I hatched wild ideas for our classes. My partner was more methodical and tethered the ideas to the ground so we didn't all fly away in my enthusiasm. We were two very different people, and those differences could get prickly in the everyday press of teaching. It was always clear, though, that our differences gave us a "reach" with our students that neither of us would've had alone. We were certainly both heirs to the truth that there's more than one right way to reach students.

Metaphors for Tandem Teaching

Shared teaching works wonderfully, when it does, for a broad array of reasons. I've thought a great deal about what made this particular partnership so rewarding. Since I seem to be a permanent prisoner of my English-teacher background, I play with metaphors to crystallize my thinking. I haven't found the single right metaphor for the co-teaching experience described here, but a number of metaphors capture elements of it.
Our co-teaching experience was a bit like singing a duet in that we knew we needed to work from the same piece of music. We were careful to begin with clarity about what we were going to teach, why it mattered, what mattered most, and how we could best engage our students with those elements. We might sing different parts on a given day or week in class, but we nearly always had a common understanding of the music before we launched it publicly.
Our work was a bit like playing jazz in that we each learned to happily play in the background when the other one was ready to riff. We came to understand the importance of both the soloist and the sustainer in paired teaching. We became both comfortable and skilled in shifting roles.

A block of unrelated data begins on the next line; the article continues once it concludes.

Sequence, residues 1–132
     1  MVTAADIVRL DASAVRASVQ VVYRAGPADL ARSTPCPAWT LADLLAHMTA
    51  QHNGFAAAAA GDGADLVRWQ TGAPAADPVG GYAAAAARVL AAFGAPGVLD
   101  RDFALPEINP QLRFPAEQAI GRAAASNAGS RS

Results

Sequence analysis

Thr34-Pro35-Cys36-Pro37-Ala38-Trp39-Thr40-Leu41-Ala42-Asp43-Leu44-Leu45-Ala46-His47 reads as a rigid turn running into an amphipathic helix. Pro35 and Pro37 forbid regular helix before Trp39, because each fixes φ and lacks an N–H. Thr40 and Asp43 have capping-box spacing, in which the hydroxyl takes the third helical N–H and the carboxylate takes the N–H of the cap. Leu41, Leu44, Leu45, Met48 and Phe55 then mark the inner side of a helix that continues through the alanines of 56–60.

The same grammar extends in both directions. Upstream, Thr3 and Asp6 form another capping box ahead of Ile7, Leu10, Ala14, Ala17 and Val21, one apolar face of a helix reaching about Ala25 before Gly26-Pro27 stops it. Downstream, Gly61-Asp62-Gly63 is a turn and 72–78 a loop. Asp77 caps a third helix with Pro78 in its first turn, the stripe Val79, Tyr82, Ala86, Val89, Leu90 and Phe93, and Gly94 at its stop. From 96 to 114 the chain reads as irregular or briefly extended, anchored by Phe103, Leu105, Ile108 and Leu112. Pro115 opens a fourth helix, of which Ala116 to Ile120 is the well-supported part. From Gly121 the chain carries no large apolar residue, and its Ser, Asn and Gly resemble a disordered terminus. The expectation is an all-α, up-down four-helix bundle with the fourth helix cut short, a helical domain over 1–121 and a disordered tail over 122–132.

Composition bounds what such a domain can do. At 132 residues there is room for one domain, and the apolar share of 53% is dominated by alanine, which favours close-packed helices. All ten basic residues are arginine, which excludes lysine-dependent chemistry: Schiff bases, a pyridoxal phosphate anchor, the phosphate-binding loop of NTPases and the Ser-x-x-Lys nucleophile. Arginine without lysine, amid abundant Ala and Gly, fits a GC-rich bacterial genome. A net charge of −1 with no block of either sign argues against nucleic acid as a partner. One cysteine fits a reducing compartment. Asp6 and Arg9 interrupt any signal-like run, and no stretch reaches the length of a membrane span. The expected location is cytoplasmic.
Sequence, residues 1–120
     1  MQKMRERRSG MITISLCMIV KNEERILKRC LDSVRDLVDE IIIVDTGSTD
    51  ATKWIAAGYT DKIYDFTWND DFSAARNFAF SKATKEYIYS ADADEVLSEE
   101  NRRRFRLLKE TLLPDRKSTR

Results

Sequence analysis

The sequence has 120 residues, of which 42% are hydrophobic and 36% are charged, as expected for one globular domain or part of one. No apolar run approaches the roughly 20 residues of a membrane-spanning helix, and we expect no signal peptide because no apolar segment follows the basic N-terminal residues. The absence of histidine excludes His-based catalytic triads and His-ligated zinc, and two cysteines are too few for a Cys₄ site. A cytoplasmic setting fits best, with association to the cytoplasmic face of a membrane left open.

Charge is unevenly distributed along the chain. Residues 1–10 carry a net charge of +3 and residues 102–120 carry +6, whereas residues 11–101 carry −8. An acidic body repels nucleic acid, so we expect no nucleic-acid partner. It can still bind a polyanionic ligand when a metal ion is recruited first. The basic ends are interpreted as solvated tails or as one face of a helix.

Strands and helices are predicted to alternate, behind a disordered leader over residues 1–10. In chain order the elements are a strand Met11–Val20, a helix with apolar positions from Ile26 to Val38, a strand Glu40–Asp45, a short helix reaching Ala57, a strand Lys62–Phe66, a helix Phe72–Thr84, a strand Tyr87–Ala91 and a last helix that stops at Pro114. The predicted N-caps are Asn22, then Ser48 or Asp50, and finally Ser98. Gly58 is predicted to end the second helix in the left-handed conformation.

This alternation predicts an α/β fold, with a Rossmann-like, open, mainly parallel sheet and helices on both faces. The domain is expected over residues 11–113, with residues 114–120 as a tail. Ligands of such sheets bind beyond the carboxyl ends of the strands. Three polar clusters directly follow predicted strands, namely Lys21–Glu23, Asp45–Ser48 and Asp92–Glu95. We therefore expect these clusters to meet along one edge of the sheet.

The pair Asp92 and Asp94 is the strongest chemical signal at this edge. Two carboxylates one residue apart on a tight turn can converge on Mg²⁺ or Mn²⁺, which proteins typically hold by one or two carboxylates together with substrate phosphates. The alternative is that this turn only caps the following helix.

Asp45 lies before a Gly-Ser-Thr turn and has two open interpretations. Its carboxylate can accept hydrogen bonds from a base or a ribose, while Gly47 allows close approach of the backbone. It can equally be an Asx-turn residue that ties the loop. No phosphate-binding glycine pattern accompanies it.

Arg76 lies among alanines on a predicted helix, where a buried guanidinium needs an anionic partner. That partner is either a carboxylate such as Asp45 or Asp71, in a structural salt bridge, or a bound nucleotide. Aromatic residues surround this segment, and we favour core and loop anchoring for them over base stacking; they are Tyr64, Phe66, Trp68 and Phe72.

Our work was a bit like a sound marriage in that we talked about and committed to a common foundation of beliefs about young learners, how we might best facilitate their growth, and what it meant to be a trustworthy leader and model for those learners. We were synchronized in those persuasions even as we began teaching together—and shared a students-first inclination—but we were careful to put our beliefs into words so that we built a common understanding of why we greeted students as we did, responded to their behaviors as we did, structured class time and space as we did, and so on. Over time, we developed a common vocabulary to articulate our evolving beliefs.
When I see teachers working artfully in tandem in their own classrooms, I understand why they find it worthwhile. When it works, teaching in tandem is a very, very good thing.

At the University of Virginia's Curry School of Education, Carol Ann Tomlinson is William Clay Parrish, Jr. professor and chair of Educational Leadership, Foundations, and Policy, teaching post-graduate students, mainly in the areas of curriculum design and differentiated instruction. She is also co-director of the university's Institutes on Academic Diversity, where she strives to help educators understand the principles of differentiated instruction and develop competence and confidence in creating responsive classrooms that meet the diverse learning needs of today's students.

As an educator for more than 21 years, Tomlinson has worked as an elementary and a secondary public school teacher. She was named Outstanding Professor at Curry School of Education in 2004 and received an All-University Teaching Award in 2008. In 2016, she was ranked #16 in the Education Week Edu-Scholar Public Presence Rankings for "university-based academics who are contributing most substantially to public debates about schools and schooling," and as the #3 voice in Educational Psychology. She's written more than 300 books, book chapters, articles, and other materials for educators.